Making Paris count

After years of negotiation, last year’s climate conference was rightly hailed as a success. We now need to ensure that the best deal politics could get produces the global transformation we need

14th September 2016

UN Secretary-General Ban Ki-moon embraces US Secretary of State John Kerry and his granddaughter after signing the Paris Agreement at United Nations Headquarters in New York on 22 April 2016.  © Carlo Allegri/Reuters

Making Paris count

After years of negotiation, last year’s climate conference was rightly hailed as a success. We now need to ensure that the best deal politics could get produces the global transformation we need

By Natalie Samarasinghe , Executive Director, United Nations Association – UK

In December 2015 – nearly a quarter of a century after they first resolved to tackle climate change – world leaders adopted a new framework that will determine the global response to climate change for the next 15 years.

Hailed as a “historic turning point” by Laurent Fabius, the Foreign Minister of France, which hosted the 21st Conference of the Parties (COP) to the UN Framework Convention on Climate Change (UNFCCC), the Paris Agreement signals unparalleled international ambition to curb global warming. But its success will depend on how it is implemented at the national and local level, and whether it will evolve into the transformative mechanism we need.

While cheers accompanied the announcement that agreement had been reached, a sigh of relief would have better captured the moment that was 23 years in the making. In 1992, the UNFCCC was created to “prevent dangerous anthropogenic interference with the climate system”. Back then it was not inconceivable that the convention might develop into a robust mitigation treaty. It made clear that all countries needed to take action, with those overwhelmingly responsible for cumulative emissions leading the way.

Two decades of delay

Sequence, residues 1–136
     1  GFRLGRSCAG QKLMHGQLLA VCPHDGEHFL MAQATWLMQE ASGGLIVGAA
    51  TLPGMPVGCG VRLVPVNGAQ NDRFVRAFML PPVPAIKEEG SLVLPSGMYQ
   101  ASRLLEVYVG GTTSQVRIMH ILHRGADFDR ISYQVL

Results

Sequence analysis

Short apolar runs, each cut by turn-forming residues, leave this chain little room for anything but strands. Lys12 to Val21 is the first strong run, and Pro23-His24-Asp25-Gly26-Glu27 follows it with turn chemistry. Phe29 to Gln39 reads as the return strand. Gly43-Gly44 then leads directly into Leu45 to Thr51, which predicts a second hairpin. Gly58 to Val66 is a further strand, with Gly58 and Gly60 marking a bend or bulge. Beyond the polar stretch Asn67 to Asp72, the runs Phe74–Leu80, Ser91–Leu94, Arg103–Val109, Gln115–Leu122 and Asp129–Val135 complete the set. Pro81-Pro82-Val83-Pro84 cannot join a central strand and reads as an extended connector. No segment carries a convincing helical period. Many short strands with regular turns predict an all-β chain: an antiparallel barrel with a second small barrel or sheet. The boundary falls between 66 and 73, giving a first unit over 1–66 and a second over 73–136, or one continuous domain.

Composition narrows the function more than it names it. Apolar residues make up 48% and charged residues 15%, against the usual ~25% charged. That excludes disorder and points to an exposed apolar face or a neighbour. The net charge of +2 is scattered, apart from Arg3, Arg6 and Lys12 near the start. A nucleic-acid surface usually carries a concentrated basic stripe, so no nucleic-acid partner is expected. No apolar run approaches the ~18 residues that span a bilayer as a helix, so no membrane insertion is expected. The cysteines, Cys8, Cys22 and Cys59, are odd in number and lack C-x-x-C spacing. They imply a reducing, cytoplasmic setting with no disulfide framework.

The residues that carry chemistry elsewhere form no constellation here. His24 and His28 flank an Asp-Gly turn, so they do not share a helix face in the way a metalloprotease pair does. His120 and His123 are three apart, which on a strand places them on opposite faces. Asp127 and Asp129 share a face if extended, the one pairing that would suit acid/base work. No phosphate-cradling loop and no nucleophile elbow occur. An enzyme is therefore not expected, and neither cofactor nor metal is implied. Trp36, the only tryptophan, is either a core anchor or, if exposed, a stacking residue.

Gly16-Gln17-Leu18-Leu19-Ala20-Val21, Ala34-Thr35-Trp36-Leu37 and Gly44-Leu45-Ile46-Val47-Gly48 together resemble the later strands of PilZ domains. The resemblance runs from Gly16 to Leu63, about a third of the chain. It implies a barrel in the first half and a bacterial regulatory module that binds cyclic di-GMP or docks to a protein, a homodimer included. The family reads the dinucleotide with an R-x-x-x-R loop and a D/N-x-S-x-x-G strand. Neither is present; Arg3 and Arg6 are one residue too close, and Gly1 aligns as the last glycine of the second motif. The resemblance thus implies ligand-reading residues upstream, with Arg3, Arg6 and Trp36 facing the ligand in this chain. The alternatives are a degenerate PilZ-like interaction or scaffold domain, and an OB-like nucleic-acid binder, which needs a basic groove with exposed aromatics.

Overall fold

But it was not to be. It took two years for the UNFCCC to enter into force, another three for the Kyoto Protocol – which set binding emissions targets for 37 industrialised states – to be agreed, and a further eight for it to enter into force.

Although the Protocol managed to achieve some reductions, particularly within the EU, it was hamstrung from the outset. The US, then the world’s biggest emitter, did not ratify it. Major emerging economies, having argued alongside many developing states that they bore little historical responsibility for emissions, were exempt from binding targets. Canada later withdrew.

When discussions on a successor to Kyoto started in 2005, they marked the beginning of a decade of fractious COPs. Japan, New Zealand and Russia announced they would not take on further Kyoto commitments, and the US – soon to be overtaken by China as the world’s largest emitter – was unwilling to commit if large developing states were again excluded. Efforts by the UN and civil society to create a sense 
of urgency ahead of the 2009 COP in Copenhagen, which was billed as a ‘make or break’ moment, ended 
in failure.

The negotiations limped along until 2012, when a Kyoto extension was eventually agreed. It included countries that represented only 15 per cent of global emissions.